I want to again thank everyone at DC Entertainment for making this weekend happen for me. I want to thank Salim and Mara and the cast of Black Lightning for making me feel so respected and so welcome. I want to thank all the comics fans and pros who have expressed how thrilled they are with my good fortune. It was the best weekend of my 45-year career in the comics industry. Thank you.

I’ll be back tomorrow with the latest installment of “Rawhide Kid Wednesday.” Then, following that rooting-tooting excitement, I will share my comments on the Black Lightning premier episode.

Thanks for visiting the bloggy thing.

© 2018 Tony Isabella


A computer glitch ate the last half of today's bloggy thing. I'll rewrite what I lost and get the column posted as soon as possible.


This week in TONY'S TIPS at Tales of Wonder...Zander Cannon’s Kaijumax Season One: Terror & Respect; Star Wars: Doctor Aphra #9-14 by Kieron Gillen and Kev Walker; and Valiant's War Mother by Fred Van Lente!


Today's bloggy thing will post this afternoon.

Monday, January 22, 2018


I seriously underestimated how much the extraordinary premiere of the Black Lightning TV series would impact my schedule last week. Which is why I’m here Sunday with a bloggy thing that should have been posted last Tuesday. To refresh my memory...

I was invited to last weekend’s DC Comics in D.C. event that would include the world premiere of the Black Lightning TV series. I went with my son Ed. Because our Friday flights kept getting cancelled, we missed a screening of the Batman: Gotham by Gaslight animated feature and dinner with Dan DiDio, Jim Lee and others. We also had to spent Friday night in the Cleveland Airport, which is not even a one-star accommodation. We persevered and arrived in D.C. around eight or so on Saturday morning. Our adventure resumes.

DC booked us at the Willard Continental on Pennsylvania Avenue. Because of my well-known liberal leanings and our proximity to the White House, I was strip-searched and probed by Stephen Miller. I’d rather not talk about it here, but I’ll be in therapy for the rest of my life. Indeed, I think my eventual grandchildren will be in therapy for the rest of their lives due to my DNA memory, which is a thing I just made up. Fake news.

Seriously, the Willard is a lovely hotel. Our room was large and, though we didn’t get to sleep until after midnight Saturday night, very comfortable. Our bathroom was bigger than my whole room at the Econo-Lodge where I’ve stayed on recent trips to New York City. No knock on the Econo-Lodge, which I do like, but I’m trying to give you a sense of the size of our Willard room.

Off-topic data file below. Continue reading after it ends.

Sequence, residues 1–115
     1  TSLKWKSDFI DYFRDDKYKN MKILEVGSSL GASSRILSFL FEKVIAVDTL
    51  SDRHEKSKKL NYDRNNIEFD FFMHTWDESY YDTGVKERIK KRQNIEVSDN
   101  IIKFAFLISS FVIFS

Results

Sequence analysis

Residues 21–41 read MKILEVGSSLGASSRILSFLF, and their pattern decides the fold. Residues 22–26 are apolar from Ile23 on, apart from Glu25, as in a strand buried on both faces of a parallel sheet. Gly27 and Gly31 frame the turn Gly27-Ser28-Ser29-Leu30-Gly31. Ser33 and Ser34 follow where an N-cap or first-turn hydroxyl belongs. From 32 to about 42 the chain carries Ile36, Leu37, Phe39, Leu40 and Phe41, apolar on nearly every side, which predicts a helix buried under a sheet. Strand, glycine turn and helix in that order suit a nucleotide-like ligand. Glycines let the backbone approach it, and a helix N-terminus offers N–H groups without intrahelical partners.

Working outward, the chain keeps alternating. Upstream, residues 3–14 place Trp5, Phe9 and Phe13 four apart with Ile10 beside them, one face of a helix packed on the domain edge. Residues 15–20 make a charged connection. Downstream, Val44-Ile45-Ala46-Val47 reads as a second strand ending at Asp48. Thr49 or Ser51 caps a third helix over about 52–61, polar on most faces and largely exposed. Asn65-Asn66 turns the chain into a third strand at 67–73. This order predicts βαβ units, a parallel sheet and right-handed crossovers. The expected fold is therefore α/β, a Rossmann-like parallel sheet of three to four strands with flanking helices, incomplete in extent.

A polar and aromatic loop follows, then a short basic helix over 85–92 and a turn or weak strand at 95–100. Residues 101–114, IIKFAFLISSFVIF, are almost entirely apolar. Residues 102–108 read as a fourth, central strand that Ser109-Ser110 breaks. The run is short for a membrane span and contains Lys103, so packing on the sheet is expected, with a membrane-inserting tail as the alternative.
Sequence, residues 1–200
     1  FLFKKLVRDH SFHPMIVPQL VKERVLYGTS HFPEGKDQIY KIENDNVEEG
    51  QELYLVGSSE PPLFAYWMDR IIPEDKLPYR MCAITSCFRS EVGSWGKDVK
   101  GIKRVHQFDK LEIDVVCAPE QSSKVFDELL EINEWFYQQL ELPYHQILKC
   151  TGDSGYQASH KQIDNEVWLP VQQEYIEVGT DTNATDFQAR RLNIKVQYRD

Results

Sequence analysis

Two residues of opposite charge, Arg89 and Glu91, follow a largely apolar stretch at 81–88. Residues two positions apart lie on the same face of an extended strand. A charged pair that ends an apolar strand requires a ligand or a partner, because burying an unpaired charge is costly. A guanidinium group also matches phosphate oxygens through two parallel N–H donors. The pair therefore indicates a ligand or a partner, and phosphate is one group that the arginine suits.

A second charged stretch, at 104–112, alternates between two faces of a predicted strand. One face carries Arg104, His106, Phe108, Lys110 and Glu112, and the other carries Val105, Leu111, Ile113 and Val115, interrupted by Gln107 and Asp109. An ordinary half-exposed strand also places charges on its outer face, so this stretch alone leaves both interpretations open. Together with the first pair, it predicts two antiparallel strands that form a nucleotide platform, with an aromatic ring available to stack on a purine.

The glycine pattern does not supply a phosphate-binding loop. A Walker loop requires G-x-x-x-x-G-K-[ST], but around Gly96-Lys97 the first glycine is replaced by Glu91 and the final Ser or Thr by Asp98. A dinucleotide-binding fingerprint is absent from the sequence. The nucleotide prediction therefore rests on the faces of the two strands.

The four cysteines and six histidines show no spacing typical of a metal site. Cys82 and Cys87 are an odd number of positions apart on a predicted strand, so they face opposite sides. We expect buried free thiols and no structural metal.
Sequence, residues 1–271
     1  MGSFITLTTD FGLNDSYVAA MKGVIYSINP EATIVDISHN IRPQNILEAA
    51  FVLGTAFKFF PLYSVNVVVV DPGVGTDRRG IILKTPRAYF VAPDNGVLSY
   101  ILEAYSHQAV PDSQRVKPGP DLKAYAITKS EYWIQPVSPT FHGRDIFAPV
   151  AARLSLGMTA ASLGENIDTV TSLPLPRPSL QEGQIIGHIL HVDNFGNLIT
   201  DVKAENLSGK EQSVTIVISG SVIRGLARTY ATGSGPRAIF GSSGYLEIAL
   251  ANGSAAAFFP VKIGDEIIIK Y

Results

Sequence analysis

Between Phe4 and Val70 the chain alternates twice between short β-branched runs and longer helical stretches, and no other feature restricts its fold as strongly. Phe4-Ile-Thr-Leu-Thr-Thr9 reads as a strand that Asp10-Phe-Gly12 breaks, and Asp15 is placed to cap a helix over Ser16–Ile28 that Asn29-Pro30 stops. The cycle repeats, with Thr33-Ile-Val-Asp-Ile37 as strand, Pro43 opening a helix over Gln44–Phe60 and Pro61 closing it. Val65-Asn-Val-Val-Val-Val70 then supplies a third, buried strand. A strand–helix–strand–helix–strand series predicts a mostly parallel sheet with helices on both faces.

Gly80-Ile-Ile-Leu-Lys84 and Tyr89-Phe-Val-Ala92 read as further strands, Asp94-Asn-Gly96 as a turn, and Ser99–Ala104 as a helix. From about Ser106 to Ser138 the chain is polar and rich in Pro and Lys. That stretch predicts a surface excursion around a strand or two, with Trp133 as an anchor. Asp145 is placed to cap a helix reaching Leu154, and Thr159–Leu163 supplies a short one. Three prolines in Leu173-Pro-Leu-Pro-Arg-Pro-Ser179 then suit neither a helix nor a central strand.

After freshening up from our stay at the Cleveland Airport, Ed and I went to the lobby, got our passes for the “DC in D.C. event” and went to breakfast with Larry Ganem, DC Entertainment Vice-President Talent Relations and Editorial Administration. On a vice-president  scale of one to ten with Mike Pence being a one, Larry scored about a million. He is a charming, funny and terrific guy who took great care of me at the event.

I wore a Black Lightning t-shirt at breakfast. One of the servers spotted it and ask if I knew there was a Black Lightning TV series. I told him I’d heard something about that. Larry chuckled and told  the guy I was the creator of Black Lightning. The server said how happy he was to meet me. It’s as I’ve been saying, Black Lightning means a lot to a lot of people. It’s a honor and a responsibility to be associated with the character.
From the hotel, we headed over to the Newseum, the location for the daytime “DC in D.C.” events. This is a stunning building dedicated to free expression and the First Amendment. It was a great choice to host DC’s presentations on such topics as “The Many Shades of Heroism: DC Heroes Through the African-American Lens,” “The Pride of DC: The Art of LGBTQ Inclusion,” “Wonder Women” and more. I wish I had been able to attend all the panels.

In addition to the Newseum’s other exhibits, there were autograph sessions for the various comics creators and the stars of the shows featuring DC characters and, just outside the museum, a DC pop-up store selling Funko figures, shirts and trade paperbacks. Even with the chilly weather, the store did a brisk business.

Every one connected with DC treated me with great friendliness and respect. Larry introduced me to Diane Nelson, the President of DC Entertainment and the President and Chief Content Officer of Warner Bros. Interactive Entertainment. It was a short conversation, just long enough for her to thank me for coming to the event and for me to thank her for the invitation and for all she’s done to make DC a company I’m delighted to be once again associated with. I hope I get a chance to speak with her again soon.

Larry, Clark Bull of DC Entertainment’s publicity department, and several other DC staffers always made me feel welcome and - this is important - always made sure I was where I was supposed to be when I was supposed to be there. I wish I had written down all of their names because I’d love to thank them all personally.